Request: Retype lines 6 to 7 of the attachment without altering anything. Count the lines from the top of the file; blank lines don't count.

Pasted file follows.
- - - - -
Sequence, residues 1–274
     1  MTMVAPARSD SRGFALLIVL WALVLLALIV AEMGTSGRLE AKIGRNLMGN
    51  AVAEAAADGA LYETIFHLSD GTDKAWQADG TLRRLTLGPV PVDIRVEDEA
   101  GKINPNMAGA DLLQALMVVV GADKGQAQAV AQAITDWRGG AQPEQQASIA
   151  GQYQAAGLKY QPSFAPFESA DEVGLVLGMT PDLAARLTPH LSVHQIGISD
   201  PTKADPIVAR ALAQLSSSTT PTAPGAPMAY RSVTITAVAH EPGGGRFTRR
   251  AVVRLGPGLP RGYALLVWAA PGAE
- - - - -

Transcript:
   201  PTKADPIVAR ALAQLSSSTT PTAPGAPMAY RSVTITAVAH EPGGGRFTRR
   251  AVVRLGPGLP RGYALLVWAA PGAE